Look. I want to live on “The Little House on the Prairie” more than anyone. I’m convinced I was born in the wrong century. But this is the world we live in–an extremely fast paced, tech-savvy world that runs on and revolves around “screen time,” and I for one think it’s time to redefine and rethink our battle with screen time, embrace it, and learn to use it on our own terms and to our great advantage rather than treating it like the enemy.
But what does that look like in real life? Every family needs to make their own decisions based on their own children and individual circumstances, but below are some things I think every parent today should consider when formulating a family media plan.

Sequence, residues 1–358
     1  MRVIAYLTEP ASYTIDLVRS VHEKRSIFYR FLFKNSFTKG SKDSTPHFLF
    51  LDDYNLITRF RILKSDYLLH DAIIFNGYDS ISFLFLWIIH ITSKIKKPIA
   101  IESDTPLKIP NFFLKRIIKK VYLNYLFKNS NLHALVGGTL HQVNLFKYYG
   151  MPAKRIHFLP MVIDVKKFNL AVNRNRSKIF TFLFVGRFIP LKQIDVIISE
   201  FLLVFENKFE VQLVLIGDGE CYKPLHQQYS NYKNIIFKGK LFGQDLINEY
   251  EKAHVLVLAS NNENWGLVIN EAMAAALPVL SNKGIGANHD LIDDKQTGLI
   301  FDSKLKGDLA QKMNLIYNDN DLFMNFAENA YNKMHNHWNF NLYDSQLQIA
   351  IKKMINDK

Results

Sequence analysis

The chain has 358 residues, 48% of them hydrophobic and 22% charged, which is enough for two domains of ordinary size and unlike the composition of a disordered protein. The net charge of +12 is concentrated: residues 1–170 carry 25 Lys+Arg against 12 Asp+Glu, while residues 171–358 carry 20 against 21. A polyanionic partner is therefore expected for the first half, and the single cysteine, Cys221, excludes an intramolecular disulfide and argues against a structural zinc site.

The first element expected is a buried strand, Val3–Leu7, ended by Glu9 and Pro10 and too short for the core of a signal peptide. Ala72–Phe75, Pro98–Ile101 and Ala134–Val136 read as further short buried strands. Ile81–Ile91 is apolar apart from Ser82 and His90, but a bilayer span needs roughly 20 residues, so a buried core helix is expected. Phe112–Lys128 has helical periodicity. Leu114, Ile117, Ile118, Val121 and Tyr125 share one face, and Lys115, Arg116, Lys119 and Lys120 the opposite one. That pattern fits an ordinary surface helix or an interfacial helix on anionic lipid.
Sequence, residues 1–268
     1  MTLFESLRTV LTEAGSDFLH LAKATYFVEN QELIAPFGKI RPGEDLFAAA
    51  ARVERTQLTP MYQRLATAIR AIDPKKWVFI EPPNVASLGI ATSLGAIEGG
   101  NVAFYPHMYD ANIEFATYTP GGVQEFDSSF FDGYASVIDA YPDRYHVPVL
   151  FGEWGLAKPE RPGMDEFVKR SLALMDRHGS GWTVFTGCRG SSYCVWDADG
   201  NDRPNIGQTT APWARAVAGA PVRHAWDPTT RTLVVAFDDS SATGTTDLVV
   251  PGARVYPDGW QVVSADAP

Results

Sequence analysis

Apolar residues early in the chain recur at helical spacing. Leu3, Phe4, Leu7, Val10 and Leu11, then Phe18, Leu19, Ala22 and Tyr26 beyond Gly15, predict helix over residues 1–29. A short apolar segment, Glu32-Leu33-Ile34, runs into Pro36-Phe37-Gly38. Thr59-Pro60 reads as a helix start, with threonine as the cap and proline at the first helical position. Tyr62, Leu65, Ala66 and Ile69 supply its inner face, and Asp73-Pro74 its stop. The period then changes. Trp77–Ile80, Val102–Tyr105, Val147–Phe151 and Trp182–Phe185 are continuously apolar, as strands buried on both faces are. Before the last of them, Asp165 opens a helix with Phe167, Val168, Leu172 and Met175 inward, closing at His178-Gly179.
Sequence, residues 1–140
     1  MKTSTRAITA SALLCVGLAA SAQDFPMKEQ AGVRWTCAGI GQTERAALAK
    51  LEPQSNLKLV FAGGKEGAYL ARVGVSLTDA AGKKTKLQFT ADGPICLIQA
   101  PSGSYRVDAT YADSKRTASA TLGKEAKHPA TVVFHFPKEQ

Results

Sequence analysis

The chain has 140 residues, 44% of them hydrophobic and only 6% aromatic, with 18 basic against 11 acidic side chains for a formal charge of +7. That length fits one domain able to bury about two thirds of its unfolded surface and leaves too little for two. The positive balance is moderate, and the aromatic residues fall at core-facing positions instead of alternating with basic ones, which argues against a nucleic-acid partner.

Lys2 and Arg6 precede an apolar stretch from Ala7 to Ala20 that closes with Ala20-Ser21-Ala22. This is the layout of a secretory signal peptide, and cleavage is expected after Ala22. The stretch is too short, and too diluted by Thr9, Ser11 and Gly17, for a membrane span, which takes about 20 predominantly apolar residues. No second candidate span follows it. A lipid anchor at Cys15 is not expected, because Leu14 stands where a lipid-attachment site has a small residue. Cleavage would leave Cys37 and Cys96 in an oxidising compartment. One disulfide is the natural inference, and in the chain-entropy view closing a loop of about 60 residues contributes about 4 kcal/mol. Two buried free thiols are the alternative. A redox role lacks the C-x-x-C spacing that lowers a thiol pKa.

- Recognize technology is a moving target. The type of technology available and how we interact with it is always changing. It’s safe to assume that whatever your current family media plan is, it will eventually need to change with the technology, and during those transition periods there may be some messy trial and error. As much as we like to think we can control every last bit of technology use in our homes at all times, we just can’t. It’s a moving target, and sometimes we’ll miss and mess up. Recently, my friend’s 6-year-old daughter thought it would be funny to type in the phrase “naked man” into the iPad where she normally watches innocuous videos on Netflix, but what popped up was anything but. My friend was devastated that her daughter was exposed to such images, and quickly realized that even though their oldest child is just a 2nd grader, it’s already time for the parental blocks and controls they anticipated they wouldn’t need until much later. Live and learn.